Schéma : Lung cancer is diagnosed at metastatic stage in 60% of the cases. For these patients, first-line treatment is based on histology and molecular characterization of non-squamous non-small cell lung cancer (NSCLC). Thus, quality and quantity of tumor tissue are crucial to determine the appropriate treatment (targeted therapies, chemotherapy and immunotherapy).
However, in routine practice, tissue quality and quantity can be limited (25%), resulting in the need for tumor rebiopsy for molecular analysis. Therefore, lung cancer patients often experience substantial delays before treatment initiation that may be associated with worse patient experience of subsequent cancer care and poorer clinical outcomes.
"Liquid biopsies" (LB) are used to detect genomic alterations in cell-free circulating DNA (cfDNA). Since very recently, they are routinely used in reference centers for the detection of EGFR-mutations when tissue is not sufficient for molecular characterization. Importantly, the feasibility and clinical relevance of systematic liquid biopsies in routine practice has never been evaluated in patients with suspicious advanced lung cancer.
Investigators hypothesize that using systematic LB in patients with clinical suspicion of metastatic lung cancer may reduce time-to-treatment initiation and avoid tissue rebiopsy.
Investigators performed a retrospective study including 250 NSCLC patients treated in a tertiary Cancer Center and in the University Hospital of Lyon, France. The mean time-to-appropriate frontline treatment initiation (TTI) was 42+/-22.5 days. With the use of LB at the time of first consultation, the investigators believe it is possible to reduce the mean TTI down to 33 days (21% reduction in TTI) in the overall population with suspicious metastatic lung cancer, including a 50% and 40% reduction in TTI for EGFR/ALK/ROS1/BRAF V600E subgroups and KRAS/LKB1/ERBB2/c-MET/BRAF non V600E subgroups, respectively.
Investigators therefore designed a "real-life" randomized study to evaluate the feasibility and clinical relevance of LB to decrease the TTI, which may in turn improve patients' outcome. Genomic analyses of circulating cfDNA will be performed using a robust and highly sensitive technology (InVision®), that profiles the presence of genomic aberrations in a panel of 35 genes including mutations, insertion/deletions and rearrangements, including all actionable alterations required to initiate the appropriate first-line therapy (EGFR-, ALK-, ROS1 and BRAF V600E).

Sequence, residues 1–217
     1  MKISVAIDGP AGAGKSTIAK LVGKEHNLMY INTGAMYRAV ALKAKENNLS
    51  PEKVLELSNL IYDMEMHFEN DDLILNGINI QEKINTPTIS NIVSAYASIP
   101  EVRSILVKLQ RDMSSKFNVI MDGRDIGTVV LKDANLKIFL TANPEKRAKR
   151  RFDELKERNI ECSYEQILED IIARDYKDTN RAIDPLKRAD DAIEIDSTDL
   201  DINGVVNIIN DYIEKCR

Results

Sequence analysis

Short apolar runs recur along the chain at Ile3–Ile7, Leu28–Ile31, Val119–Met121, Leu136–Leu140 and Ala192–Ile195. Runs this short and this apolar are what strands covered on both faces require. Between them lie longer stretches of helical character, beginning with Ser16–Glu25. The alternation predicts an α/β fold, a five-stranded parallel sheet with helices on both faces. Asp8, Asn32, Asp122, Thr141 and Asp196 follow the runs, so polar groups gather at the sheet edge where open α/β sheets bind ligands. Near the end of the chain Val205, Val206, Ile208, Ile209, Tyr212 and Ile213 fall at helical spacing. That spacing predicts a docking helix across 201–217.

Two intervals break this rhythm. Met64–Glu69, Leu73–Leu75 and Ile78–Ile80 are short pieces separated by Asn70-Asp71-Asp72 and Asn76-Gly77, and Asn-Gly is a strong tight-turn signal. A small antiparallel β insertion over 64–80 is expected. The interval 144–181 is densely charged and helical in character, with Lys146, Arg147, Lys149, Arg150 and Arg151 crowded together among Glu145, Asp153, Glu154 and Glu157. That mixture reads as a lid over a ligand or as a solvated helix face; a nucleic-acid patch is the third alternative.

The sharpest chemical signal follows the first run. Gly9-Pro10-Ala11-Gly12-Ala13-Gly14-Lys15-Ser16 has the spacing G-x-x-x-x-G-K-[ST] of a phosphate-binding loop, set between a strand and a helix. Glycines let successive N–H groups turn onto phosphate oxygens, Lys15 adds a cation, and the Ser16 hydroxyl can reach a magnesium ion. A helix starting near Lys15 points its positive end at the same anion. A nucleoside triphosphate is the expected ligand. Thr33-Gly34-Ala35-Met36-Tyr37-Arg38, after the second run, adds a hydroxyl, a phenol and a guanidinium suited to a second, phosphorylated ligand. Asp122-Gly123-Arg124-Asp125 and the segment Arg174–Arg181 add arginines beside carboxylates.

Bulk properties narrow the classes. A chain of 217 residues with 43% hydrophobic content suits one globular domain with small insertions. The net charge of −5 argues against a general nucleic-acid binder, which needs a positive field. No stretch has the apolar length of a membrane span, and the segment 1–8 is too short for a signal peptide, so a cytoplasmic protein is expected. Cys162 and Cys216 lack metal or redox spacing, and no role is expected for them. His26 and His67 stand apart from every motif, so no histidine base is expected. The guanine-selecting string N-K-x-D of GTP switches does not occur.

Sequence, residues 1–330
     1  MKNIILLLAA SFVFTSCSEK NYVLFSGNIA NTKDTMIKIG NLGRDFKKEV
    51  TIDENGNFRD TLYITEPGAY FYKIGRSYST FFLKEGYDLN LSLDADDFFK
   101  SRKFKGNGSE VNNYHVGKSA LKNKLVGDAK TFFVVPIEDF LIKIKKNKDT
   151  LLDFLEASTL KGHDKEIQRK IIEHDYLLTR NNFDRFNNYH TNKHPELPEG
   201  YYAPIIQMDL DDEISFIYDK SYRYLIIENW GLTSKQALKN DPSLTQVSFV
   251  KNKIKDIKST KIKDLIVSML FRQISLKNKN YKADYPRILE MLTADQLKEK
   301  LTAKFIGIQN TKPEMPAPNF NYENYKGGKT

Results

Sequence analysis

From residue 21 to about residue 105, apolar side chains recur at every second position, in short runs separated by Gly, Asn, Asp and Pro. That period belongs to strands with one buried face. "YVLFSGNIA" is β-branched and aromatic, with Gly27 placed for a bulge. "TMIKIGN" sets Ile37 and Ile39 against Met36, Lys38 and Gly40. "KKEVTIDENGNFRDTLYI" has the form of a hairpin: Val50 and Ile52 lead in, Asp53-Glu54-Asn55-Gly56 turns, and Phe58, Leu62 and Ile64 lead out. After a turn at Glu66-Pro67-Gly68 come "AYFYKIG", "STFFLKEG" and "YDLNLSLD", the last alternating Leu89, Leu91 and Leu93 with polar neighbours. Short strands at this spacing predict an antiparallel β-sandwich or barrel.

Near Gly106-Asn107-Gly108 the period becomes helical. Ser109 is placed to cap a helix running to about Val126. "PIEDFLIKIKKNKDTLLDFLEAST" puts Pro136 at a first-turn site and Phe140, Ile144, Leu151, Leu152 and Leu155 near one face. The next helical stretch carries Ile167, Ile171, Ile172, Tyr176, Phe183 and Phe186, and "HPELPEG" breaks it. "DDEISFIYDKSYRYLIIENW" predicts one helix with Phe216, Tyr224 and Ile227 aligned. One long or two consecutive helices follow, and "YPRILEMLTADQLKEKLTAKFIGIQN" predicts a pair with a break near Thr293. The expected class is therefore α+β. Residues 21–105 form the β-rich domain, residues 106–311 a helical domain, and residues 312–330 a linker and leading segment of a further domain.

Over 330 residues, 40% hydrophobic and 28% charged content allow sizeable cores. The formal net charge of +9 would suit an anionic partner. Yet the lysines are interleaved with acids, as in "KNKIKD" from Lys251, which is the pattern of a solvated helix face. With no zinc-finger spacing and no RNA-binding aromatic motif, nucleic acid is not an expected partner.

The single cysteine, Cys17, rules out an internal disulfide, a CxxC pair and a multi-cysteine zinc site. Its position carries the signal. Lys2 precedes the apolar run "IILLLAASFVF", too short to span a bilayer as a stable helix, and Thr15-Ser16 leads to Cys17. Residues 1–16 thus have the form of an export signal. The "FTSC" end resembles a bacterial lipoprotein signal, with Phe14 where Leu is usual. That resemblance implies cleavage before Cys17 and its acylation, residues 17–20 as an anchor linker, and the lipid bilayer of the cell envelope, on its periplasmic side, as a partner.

- Experimental: Liquid biopsy
Liquid biopsy will be performed at the first visit using InVisionFirst®. Treatment will be determined by (i) genomic characterization in plasma for patients with druggable alteration in first-line, (ii) after pathology results (including assessment of PD-L1 level of expression by immunohistochemistry) for patients with an informative molecular characterization on plasma and no druggable alteration in first-line and (iii) after pathology results and tissue molecular characterization for the remaining patients.
- No Intervention: Cytological or histological sampling
During the first visit, cytological or histological sampling will be planned and treatment will be initiated according to European Society of Medical Oncology (ESMO) recommendations; in case of a tissue sample inadequate for genomic characterization, physicians may resort to liquid biopsy according to their usual practice and available technology.
Phase : III
Stade : Métastatique